Binder Building-photo by Blair Bates, Building Restoration Inc.jpg

Businesses adjacent to the iconic Binder Building at 34 East Michigan Avenue in downtown Battle Creek have re-opened, after city officials deemed they are safe.   On Friday, September 6th, it was discovered that the triangular structure, built in 1887, had partially collapsed.  The city ordered the businesses vacated, and put up chain link fence all around the perimeter.   Today, some of the fence is being removed, and power has been restored to those businesses.  They include Ermisch Travel, New York Connections, All State Insurance, Randy Case’s Architecture + Design office, and an apartment.

Chief Building Official at City of Battle Creek Richard Bolek says there’s still a threat posed by the building’s current condition.  “In these situations, the initial response calls for us to secure an area 2 ½ times the building height.”   The building is approximately 75 feet tall, so that required city officials to cordon off an area of about 190 feet around the historic stone building.   “There is still a serious potential hazard”, Bolek told WBCK.  He said a portion of the fifth and sixth floors collapsed onto the 4th floor inside the building, which was originally a slaughterhouse owned by the Binder Family.   The unique building is thought by some to be sort of a Battle Creek version of the “Flat Iron Building” in New York City.   The question now is, what will happen to it?

Bolek says they called in Building Restoration Inc, owned by Blair Bates to evaluate the condition of the building.   He says they’ll still leave the fencing up near the structure.   Bolek says it’ll be up to building owner Bryant DeBolt to decide what the fate of the building will be.  He expects Bates will give DeBolt some financial indication of what needs to be done very soon.  Efforts by WBCK to contact DeBolt have not been successful. It is believed that there is no insurance on the building that would cover the repairs.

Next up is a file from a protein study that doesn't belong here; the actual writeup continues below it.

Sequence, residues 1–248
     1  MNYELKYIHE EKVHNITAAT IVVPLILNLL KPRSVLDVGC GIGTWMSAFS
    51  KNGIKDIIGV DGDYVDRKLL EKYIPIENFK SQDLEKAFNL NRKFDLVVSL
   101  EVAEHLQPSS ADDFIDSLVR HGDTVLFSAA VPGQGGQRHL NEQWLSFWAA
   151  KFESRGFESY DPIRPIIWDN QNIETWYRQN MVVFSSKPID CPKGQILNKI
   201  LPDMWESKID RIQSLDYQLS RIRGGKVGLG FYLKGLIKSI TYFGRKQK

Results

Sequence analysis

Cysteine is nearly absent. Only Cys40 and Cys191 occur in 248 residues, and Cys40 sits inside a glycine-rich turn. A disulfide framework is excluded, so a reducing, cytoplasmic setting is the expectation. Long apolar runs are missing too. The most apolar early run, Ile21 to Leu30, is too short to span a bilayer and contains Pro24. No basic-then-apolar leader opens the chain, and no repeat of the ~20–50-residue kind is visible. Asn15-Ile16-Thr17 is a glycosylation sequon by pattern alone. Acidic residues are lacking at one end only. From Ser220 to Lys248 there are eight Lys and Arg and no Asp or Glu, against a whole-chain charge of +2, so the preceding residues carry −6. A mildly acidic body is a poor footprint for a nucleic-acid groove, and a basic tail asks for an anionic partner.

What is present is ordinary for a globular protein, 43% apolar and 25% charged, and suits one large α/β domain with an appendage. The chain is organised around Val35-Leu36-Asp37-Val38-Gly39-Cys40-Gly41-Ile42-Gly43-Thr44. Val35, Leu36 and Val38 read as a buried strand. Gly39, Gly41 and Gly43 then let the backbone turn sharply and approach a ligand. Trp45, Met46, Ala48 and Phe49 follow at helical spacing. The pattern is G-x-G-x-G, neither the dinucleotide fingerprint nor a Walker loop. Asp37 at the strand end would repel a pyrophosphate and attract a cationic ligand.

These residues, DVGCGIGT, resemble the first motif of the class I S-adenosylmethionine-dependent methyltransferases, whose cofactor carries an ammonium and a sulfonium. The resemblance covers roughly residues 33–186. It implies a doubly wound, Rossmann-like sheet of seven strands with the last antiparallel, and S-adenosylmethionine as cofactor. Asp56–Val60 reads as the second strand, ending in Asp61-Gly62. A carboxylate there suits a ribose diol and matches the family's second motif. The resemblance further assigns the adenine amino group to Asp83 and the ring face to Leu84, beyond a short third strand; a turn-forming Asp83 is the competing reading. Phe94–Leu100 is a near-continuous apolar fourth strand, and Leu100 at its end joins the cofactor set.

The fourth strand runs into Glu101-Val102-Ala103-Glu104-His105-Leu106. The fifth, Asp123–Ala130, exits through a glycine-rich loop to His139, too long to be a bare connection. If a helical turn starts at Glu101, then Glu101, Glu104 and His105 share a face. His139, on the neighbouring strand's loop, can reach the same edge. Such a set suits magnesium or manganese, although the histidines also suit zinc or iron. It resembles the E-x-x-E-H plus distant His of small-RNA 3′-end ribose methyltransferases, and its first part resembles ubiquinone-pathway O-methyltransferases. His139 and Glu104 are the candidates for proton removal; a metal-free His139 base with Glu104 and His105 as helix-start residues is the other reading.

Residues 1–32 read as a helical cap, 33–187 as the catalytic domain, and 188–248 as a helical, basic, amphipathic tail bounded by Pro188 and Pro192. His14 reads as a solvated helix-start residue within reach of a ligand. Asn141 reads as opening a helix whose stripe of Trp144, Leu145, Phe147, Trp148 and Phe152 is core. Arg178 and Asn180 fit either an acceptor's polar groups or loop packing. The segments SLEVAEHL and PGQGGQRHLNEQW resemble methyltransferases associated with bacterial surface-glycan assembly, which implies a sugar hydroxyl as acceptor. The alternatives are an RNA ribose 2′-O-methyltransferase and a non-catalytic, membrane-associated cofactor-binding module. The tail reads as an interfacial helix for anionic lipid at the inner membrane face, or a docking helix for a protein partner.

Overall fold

Architect Randy Case, a community leader in historic preservation, says there appear to be cracks in the two stone walls, from the roof line, down about three floors.  He says the walls have had cracks before the collapse of the north wall last week, but that those cracks were not as pronounced before.   He says that it’s his understanding that the building is OK from the triangular point where the two stone walls meet, to the center of the structure where an elevator is located.  But the damage is just north of the elevator, and the crumbling wall to the north appears to be of some sort of material other than brick.  That wall is severely cracked and bowing outward.

Building Restoration Inc. owner Blair Bates told WBCK that he flew a drone over the building, which revealed that some work was started on roof repair, but that the roof had significant open areas, and that roof joists were exposed.  Bates said he met with DeBolt and made him aware of what needs to be done to stabilize the building.   Bates said “It’ll take a tremendous amount of work to stabilize it, probably more than $100,000. He says he gave DeBolt the thought process about tearing the building down versus stabilization.  “It’s up to him to decide.  It’s a beautiful building, but life costs money.”  Bates says the building will continue to deteriorate quickly if nothing is done.  He says he sent his findings to several city officials.”

Architect Cody Newman was asked by the city to look at the building.  He says they went up on Friday in a fire truck boom, but couldn't tell much.  Newman says he went inside the building with Bates and Debolt on Monday evening.   They climbed the stairway to the top floor to get a close look at the damage.  "The biggest challenge toward stabilizing it would be cleaning out all the debris and items that were in storage on the affected floors.  The wall that is badly cracked and bowing out is not a load-bearing wall, so that's not a major problem.  Once the building is cleared out, steel supports could be added at the roof to secure it until restoration could be done."

Newman says he felt DeBolt seemed optimistic and seriously wants to try and save the building.   It remains to be seen if he'll be able to do that.

Binder Building, Jan 2019 TSM Photo
Binder Building Mon 9-9-2019 TSM Photo
Binder Building 9-6-2019 TSM Photo (